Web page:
“heigh-ho, Everybody!”


When you were on Broadway in How to Succeed, there was a malicious rumor that you were renting folding chairs to the overflow audience. How did you get a reputation as such a tightwad?

I did purchase four folding chairs, but I gave them freely to be used by friends who could only get standing room. It is true that I am a thrifty person. I didn’t grow up in wealth, and I came from New England, where life is spartan and hard, and people know the value of a dollar. I am now comfortably fixed, as the saying goes, although my legendary millions are just that—legendary. After the ’29 fiasco, I’ve been careful to invest in conservative annuities. I live well, I like nice things, I go first-class, but I do have a decided aversion to exaggerated, showoff tips, especially the ones that celebrities are expected to throw around. That doesn’t mean I don’t tip. I have always tipped and tipped happily, when it was merited and even when it wasn’t. For instance, at Lawry’s, which is our favorite restaurant, I always tip the man who carves the meat, and they have told me that I am almost alone in this act, as it never occurs to the average customer that this man deserves a tip for his skill in cutting the fine beef they serve there.

However, I am convinced that the actual source of this reputation for cheapness dates back to the igso’s. In those days I used to do a lot of weekend charity performances—as many as 125 a year—and when I discovered that it was the promoters who chiefly benefited from these shows, I started a crusade against them. The promoters got their revenge by claiming that I was too money grubbing to help out a worthy cause. Yet for many years I maintained a three-hundred-acre estate and five lodge buildings in Maine where I entertained my band, wives and sweethearts, and the acts in my current stage shows once a year, for a week of the best in food, drink, boats, canoes, and what have you. I entertained hundreds of celebrities and executives for a five-day stay over a period of ten years. But lavishly , with the utmost in comfort and appointments in the Maine woods!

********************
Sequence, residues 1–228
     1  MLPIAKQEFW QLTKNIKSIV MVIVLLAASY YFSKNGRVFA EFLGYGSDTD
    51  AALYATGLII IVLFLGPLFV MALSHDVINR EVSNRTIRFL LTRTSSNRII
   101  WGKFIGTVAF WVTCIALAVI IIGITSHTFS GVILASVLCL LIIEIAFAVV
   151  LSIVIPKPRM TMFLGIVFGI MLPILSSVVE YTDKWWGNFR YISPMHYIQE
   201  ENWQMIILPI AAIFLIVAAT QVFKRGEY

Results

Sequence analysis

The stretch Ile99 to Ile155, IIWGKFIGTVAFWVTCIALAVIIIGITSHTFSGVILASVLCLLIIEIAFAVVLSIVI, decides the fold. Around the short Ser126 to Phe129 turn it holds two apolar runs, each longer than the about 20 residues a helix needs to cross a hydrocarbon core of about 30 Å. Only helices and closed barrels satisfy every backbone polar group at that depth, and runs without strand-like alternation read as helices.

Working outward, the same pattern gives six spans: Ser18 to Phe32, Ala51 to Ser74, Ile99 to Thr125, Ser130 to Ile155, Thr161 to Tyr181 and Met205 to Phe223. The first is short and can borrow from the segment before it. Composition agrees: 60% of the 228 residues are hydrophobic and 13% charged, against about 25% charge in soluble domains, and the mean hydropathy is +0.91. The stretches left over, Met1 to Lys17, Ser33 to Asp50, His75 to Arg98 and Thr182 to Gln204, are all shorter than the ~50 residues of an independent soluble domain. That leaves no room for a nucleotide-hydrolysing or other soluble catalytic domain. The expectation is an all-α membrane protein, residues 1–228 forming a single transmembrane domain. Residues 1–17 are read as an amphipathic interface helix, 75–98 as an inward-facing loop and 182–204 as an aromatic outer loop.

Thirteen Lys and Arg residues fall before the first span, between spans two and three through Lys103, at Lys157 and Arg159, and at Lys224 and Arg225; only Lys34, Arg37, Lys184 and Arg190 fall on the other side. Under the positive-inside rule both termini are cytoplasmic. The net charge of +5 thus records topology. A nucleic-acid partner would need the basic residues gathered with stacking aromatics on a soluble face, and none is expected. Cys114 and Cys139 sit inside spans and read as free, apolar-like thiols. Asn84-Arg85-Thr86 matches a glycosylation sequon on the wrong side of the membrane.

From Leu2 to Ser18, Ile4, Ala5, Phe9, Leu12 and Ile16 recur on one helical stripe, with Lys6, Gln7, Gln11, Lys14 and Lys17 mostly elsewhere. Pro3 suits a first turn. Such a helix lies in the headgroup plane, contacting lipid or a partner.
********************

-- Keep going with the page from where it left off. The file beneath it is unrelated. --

Why do you suppose you had all the business difficulties you mentioned?

Most of the trouble was the professional advice I did or didn’t get. No man is any better than his advisors, and I’ve had some real incompetents, mostly of my own choosing, of course. Also, a celebrity is a target for nuisance suits of all kinds. Fortunately I’ve had very few. One was a legitimate $100,000 breach-of-promise suit by a Ziegfeld chorus girl, settled for one thousand dollars. There were three litigations over the authorship of songs I’ve introduced. That’s a story in itself, really. The legal problems that can crop up over the creative ownership of a melody and lyrics are simply incredible, especially after a tune has been passed around for a while and modified extensively. I was once described—unfairly, I thought—as a song pirate. It was all part of the business, and you just had to accept it, although I still am annoyed at the way Yale treated me after I introduced the general public in 1936 to “The Whiffenpoof Song,” via radio and my recording of it. The university’s alumni secretary told me that he regarded the publication of the song as “reprehensible,” even though I merely made a new arrangement of it and introduced it, after it had lain undiscovered and unsung for many years. The lyrics of the chorus had been adapted from a poem by Rudyard Kipling, and the other three composers and authors, one of whom wasn’t even a Yale man, received substantial royalties, too. I sent my first two royalty checks to the alumni fund, but after they did not acknowledge the checks, I decided to donate the rest of my royalties to my favorite charity—Rudy Vallée!

Tou mentioned that fame brought you some personal headaches.

I was thinking primarily of my second marriage. I’ve been married four times, actually three. The first was annulled, which may or may not fit my early image as a born romantic. Well, I am, in many ways, and one is women. At Yale I fell in love with the painting of a dark, sultry beauty on the cover of College Humor magazine. I wrote to the editor, saying I would like to meet her. He never answered, of course. I found her “alive” in Fay Webb in 1929. She was an extraordinarily sexy-looking girl with dark hair, heavy lashed eyes, and luscious lips that could contrive the most enchanting—and for me irresistible—come-hither smile I’ve ever seen. I was hooked the first time I saw her. Her father was the police chief in Santa Monica, and I think that MGM had her under a movie contract because of that. It didn’t matter. On our second date she consented to marry me. Two years later she came to New York, and we drove over to a New Jersey justice of the peace late one night in July, 1931, to do the deed, quietly I thought. I even tipped the J.P. several hundred dollars not to say anything, only to learn that my manager had done the same thing. But unknown to me, my manager and my new wife had already informed the newspapers.